Patient: A couple of years ago I noticed that my fingers would turn white and go numb after cold exposure in the winter time. This year it continues but with worse symptoms. Not only does the cold still affect them like that but now they can stay numb for up to an hour. When the feeling and color come back my inge can turn bluish and bright red. A month or so ago my hands started to ache every now and then. Last week if I twisted my hand the wrong way I’d get a sharp almost unbearable pain. Once it hurt so bad I had to drop what was in my hand. At times my toes can also turn white and go numb. The lsat couple of days when I woke up my feet were aching so bad that it was hard to walk and they continue to hurt throughout the day but not so severe. My mom has rheumatoid arthritis but I’m only 30 and I thought that mostly affected older people. I’m a 30 year old female with hepititus c and a history of iv drug abuse and use merina as birth control. Also at times parts of my whole left arm get aches and pain. Sometimes like a burning feeling. As the days go on and the symptoms get wors, I worry more. I’m not sure if this coincides with all of that but at times I get a very sort but very noticable heachache. Sometimes I have a fear of a stroke. I’m also a smoker. Should I be concerned about having raynauds disease or lupus? Is thiscaused by my hetitus or will whatever it is affect my liver more? Could I have diabetes?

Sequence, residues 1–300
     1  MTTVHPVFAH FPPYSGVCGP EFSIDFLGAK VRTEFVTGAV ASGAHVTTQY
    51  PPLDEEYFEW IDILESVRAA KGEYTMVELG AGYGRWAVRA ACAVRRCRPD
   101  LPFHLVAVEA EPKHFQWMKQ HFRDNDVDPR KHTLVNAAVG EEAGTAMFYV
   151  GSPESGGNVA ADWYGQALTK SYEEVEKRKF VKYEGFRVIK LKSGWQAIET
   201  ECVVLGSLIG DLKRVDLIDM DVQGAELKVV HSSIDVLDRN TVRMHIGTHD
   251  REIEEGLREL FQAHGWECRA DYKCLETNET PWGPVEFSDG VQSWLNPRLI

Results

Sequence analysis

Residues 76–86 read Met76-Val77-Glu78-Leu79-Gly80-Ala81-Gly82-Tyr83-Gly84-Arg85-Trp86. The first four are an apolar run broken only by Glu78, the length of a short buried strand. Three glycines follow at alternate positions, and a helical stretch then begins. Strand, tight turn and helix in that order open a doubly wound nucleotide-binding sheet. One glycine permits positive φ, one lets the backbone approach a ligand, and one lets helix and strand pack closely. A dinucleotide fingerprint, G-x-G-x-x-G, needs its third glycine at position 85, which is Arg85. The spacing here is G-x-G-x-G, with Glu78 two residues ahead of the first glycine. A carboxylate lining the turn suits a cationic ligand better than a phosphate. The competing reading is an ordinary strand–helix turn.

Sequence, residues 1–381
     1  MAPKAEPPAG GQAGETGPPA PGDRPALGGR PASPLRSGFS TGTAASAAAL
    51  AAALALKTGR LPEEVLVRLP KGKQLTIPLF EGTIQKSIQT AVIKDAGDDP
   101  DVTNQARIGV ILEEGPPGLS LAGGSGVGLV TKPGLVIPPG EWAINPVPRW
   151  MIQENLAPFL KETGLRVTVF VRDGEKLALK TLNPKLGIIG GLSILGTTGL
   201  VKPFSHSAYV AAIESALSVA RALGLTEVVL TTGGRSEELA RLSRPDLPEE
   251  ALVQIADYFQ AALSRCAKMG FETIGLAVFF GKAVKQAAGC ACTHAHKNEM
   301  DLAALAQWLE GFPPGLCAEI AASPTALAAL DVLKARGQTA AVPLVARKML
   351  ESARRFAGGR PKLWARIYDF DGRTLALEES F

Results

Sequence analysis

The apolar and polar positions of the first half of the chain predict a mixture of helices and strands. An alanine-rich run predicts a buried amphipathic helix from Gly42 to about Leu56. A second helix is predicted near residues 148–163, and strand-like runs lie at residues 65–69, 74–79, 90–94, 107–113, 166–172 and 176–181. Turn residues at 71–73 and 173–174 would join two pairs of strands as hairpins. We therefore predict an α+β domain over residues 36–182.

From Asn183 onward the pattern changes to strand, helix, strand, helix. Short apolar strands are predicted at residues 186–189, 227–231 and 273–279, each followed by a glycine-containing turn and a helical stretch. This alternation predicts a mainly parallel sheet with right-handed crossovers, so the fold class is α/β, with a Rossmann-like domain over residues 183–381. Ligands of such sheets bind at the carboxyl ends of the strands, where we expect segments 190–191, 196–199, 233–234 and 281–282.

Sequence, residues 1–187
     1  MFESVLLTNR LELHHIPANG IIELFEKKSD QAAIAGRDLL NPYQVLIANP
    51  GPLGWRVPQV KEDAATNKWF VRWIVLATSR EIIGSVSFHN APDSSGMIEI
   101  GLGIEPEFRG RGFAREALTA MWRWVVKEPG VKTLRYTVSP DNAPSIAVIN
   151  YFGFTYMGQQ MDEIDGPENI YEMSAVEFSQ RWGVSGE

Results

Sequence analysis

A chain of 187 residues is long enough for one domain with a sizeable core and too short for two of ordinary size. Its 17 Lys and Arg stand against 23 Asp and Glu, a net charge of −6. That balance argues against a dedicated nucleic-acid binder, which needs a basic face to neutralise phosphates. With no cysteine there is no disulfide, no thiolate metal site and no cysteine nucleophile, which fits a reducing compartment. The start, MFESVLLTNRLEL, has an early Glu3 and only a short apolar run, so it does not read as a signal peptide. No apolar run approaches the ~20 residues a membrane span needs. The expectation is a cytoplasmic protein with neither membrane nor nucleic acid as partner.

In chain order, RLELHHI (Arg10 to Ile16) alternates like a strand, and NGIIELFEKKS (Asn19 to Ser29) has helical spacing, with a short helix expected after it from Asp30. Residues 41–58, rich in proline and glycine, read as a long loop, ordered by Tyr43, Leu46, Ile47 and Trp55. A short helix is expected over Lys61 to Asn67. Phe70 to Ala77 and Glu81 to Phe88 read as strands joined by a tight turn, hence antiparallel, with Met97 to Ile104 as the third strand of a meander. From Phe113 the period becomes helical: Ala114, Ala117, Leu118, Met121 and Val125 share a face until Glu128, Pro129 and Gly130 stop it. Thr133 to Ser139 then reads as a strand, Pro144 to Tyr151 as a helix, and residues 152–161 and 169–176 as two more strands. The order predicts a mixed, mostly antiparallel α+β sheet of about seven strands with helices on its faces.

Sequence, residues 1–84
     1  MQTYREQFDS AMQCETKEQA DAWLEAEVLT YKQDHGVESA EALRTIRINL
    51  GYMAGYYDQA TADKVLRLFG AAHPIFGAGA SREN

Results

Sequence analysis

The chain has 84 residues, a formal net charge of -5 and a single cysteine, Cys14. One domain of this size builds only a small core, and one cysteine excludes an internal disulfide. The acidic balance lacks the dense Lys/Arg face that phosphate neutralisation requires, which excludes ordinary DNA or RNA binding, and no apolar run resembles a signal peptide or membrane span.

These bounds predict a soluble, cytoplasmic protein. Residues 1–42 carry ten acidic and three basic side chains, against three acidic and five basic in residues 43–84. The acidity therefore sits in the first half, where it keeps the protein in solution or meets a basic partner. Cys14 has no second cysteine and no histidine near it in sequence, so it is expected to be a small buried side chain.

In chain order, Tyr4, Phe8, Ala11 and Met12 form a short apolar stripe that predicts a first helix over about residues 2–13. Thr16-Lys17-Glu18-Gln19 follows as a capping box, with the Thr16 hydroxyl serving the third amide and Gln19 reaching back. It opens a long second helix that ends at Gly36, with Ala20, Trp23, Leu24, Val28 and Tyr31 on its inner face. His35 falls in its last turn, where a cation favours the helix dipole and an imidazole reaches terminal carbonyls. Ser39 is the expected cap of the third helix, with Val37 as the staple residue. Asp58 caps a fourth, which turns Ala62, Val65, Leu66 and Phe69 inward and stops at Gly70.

Doctor: Certainly, any of those three conditions that you mentioned at the end of your question may cause pain, tingling and num bness of the extremities; also you have additional risk factors: smoking, birth control pills and family history of AR along with Hepatitis C. But according to your description, most likely seems Raynaud’s Disease at this point. Raynaud’s disease is a condition that causes some areas of your body such as your fingers, toes, the tip of your nose and your ears to feel numb and cool in response to cold temperatures or stress. In Raynaud’s disease, smaller arteries that supply blood to your skin narrow, limiting blood circulation to affected areas. Women are more likely to have Raynaud’s disease. It’s also more common in people who live in colder climates. Treatment of Raynaud’s disease depends on its severity and whether you have any other health conditions. For most people, Raynaud’s disease is more a nuisance than a disability. Smoking, medications that affect the blood vessels and exposure to chemicals such as vinyl chloride are associated with an increased risk of Raynaud’s. To diagnose Raynaud’s, your doctor will ask detailed questions about your symptoms and medical history and conduct a physical examination. Your doctor may also run tests to rule out other medical problems that may cause similar signs and symptoms, as autoimmune diseases or diabetes. There’s no single blood test to diagnose Raynaud’s. Your doctor may order other tests, such as those that rule out diseases of the arteries, to help pinpoint a disease or condition that may be associated with Raynaud’s. Some medications actually can aggravate Raynaud’s by leading to increased blood vessel spasm, for example If you use birth control pills, you may wish to switch to another method of contraception because these drugs affect your circulation and may make you more prone to attacks. Talk to your doctor before stopping the pill.